# [r-t] 3 and 4

Richard Smith richard at ex-parrot.com
Mon Nov 29 18:51:05 UTC 2004

```Samuel M. Austin wrote:

> How many different methods could be rung using 3 bells, not having more than
> 3 blows in one place and the method was to be say 18 changes long with no
> null changes?

I assume you also want the method to be true in the sense of
each row appearing three times?  I also assume that you want
to include "methods" where each bell does something
different (e.g. Shipping Forcast).  I have excluded
rotations, reflection, reversals and shorter method repeated
(e.g. Plain Hunt twice is not counted as a double-extent);
this leaves four extents:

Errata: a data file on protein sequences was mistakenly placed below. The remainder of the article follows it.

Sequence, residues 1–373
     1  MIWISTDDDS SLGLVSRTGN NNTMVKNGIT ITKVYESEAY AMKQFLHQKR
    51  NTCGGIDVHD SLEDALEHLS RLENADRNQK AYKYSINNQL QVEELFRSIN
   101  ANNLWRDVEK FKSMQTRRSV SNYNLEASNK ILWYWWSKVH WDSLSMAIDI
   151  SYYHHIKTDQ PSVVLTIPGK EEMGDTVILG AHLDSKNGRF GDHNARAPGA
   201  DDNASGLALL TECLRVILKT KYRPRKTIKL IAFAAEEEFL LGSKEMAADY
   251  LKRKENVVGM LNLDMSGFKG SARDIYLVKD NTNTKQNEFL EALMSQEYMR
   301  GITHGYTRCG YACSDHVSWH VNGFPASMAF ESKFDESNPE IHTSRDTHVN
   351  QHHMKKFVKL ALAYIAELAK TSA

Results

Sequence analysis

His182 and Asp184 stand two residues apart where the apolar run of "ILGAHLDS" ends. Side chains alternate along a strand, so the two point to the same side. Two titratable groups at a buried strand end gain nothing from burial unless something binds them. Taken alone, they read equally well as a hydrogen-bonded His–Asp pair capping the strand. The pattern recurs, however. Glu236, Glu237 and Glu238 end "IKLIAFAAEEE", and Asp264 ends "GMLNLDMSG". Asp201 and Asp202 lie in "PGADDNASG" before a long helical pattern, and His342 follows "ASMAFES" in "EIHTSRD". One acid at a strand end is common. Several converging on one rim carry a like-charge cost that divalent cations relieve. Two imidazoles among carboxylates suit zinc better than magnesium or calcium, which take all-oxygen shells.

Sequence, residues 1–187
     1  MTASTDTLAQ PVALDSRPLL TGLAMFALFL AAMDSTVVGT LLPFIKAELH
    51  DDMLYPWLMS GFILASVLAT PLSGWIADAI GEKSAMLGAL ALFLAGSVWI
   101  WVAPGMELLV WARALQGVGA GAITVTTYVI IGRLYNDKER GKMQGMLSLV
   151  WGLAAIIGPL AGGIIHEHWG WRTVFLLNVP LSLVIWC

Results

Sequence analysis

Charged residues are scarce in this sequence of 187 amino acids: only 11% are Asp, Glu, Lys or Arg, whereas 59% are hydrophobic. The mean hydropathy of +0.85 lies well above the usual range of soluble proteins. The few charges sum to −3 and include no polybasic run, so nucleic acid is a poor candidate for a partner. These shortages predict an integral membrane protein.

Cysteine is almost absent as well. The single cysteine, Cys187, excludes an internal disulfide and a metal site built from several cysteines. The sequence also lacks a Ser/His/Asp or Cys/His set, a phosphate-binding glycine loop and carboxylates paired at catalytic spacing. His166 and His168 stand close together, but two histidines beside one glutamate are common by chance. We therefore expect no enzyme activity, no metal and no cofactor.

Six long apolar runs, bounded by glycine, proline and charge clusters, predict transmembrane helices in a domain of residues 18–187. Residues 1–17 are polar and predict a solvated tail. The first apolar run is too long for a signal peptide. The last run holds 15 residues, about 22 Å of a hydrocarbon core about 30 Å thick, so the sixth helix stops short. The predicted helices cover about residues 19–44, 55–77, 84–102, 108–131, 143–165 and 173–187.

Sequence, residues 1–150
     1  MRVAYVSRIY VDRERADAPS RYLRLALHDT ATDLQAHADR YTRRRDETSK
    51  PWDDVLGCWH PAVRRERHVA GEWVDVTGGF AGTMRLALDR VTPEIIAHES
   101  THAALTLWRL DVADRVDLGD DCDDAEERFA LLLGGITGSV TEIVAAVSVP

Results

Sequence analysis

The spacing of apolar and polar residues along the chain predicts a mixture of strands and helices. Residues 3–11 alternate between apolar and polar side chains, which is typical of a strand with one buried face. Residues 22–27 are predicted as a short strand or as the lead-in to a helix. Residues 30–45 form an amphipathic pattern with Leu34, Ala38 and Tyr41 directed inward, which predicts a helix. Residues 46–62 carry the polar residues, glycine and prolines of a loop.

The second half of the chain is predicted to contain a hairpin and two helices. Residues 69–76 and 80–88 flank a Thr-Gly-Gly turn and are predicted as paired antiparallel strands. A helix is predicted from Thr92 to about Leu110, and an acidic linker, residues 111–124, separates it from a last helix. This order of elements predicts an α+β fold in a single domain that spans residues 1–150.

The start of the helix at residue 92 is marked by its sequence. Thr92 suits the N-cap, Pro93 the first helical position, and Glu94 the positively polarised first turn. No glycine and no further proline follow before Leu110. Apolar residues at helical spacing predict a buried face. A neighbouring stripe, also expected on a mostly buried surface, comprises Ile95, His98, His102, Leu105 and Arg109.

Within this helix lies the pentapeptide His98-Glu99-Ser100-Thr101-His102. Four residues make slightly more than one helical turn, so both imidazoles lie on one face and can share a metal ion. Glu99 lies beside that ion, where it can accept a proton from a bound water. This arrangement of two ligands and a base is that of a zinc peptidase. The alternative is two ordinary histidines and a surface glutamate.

&3.3.1.3.1.3.1.1.3,1  (3 blows)  (PGR)
3.3.1.3.1.3.1.3.1.3.1.3.1.1.3.1.3.1  (3 blows)  (R)
3.3.1.3.1.3.1.1.3.3.1.3.1.3.1.1.3.1  (3 blows)  (R)
3.3.1.3.1.1  (x3)  (3 blows)  (R)

(The symbols in the final set of brackets are the methods'
symetries: P = palindromic, G = glide, R = rotational.)

> What would be the formula to work out the following question and how would
> it apply to 12, 24 and 30 changes?

It is unlikely that there will be a simple formula for this.
The figures are:

6         1
12         1
18         4
24        18
30       109
36       864
42      8720

> How many 48s of Minimus are there with not more than 6 blows in one place
> and no null changes?

Probably millions, going by the number of single extents --
see

http://www.math.ubc.ca/~holroyd/minimus.html

I don't have code to hand that will do this search in a
sensible length of time.  If you want to restrict it
further, I might be able to give you an answer.

Richard

```